In this blog post, I will go through the steps needed to prepare for a proof of concept (POC) for using the SQL Server 2008 R2 Data Collector (DC) and Management Data Warehouse (MDW) reports (covered in part 2) to get you up and running. I’ll cover the installation of the new Query Hash Stats collection set from Bart Duncan and how to get the MDW reports installed on your SQL Server Reporting Services (SSRS) server. My assumption for the POC is that you’ll have around 30 systems that you’ll want to monitor.
The Query Hash Statistics collection set was created by Bart Duncan of Microsoft. At the tail end of the SQL Server 2008 release cycle, the Manageability team ran out of time to incorporate the late changes that the Engine team made to support the “Query Fingerprint” and “SQL Fingerprint” features. See Bart Duncan’s blog post – “Query Fingerprints and Plan Fingerprints (The Best SQL 2008 Feature That You've Never Heard Of)” for a deep understanding of how this works as well.
What it this means for the Data Collector is that the collection of Query Plans and Text is highly optimized with the new Query Hash Statistics collection set. In addition, Bart has created a set of reports which offers more insight into the most expensive queries running on your system.
Download the Query Hash Statistics project and unzip the files to a shared location accusable by the computer hosting the MDW and the computers hosting the SQL Server database engines that you’ll collect data from.
I’m going to assume that you’ve already installed SQL Server 2008 or SQL Server 2008 R2 Database Engine and Management Tools. Optionally you can install Reporting Services for running the RDL files that I’ll provide.
The MSDN topic “Getting Started with the Data Collector”, goes over the basic steps for creating the Management Data Warehouse database and the Data Collector, but there a few things that you should know before you begin.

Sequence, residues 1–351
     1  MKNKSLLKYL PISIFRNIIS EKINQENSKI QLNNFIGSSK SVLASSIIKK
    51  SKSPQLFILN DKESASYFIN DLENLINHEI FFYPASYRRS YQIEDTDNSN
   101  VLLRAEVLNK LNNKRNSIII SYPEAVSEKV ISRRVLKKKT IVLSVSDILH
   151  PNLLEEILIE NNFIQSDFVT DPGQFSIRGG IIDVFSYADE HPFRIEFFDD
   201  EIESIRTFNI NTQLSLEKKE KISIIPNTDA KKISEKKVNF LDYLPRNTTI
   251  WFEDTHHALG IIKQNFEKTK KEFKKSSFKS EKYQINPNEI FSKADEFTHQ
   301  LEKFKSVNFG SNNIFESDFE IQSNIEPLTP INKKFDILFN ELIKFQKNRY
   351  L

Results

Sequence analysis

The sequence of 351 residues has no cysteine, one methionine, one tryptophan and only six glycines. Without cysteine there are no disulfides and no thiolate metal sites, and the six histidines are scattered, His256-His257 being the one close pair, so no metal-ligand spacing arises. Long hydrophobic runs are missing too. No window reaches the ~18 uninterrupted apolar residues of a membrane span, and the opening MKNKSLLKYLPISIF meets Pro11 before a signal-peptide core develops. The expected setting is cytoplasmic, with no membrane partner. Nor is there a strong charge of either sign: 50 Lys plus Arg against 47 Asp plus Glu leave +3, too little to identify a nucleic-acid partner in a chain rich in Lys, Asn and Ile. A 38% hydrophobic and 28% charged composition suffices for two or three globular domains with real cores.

After updating the MDW to support the new collection set, installing the collection set on the target instance, and copying the reports as instructed to the MDW server, you are ready to go.
The reports provided for the SQL Server Query Hash Statistics collection set replace the Query Statistics reports. To open the reports, connect SSMS to the SQL Server instance that hosts your MDW database, right-click on the MDW database in Object Explorer, and select "Custom Report..." from the Reports submenu. Browse to the location where you extracted the Query Hash Statistics files, and open MdwOverviewCustom.rdl. You will not need to manually browse to the .RDL file after this; you'll find the report name in the Reports context menu. The first time you open a custom report, SSMS will ask you to confirm that you trust the report.
You’ll want to wait a few hours after collecting data to run the reports so that you can start making sense of the data.
It’s that easy. In the next blog post, I’ll cover how to install the MDW reports on an SSRS server.
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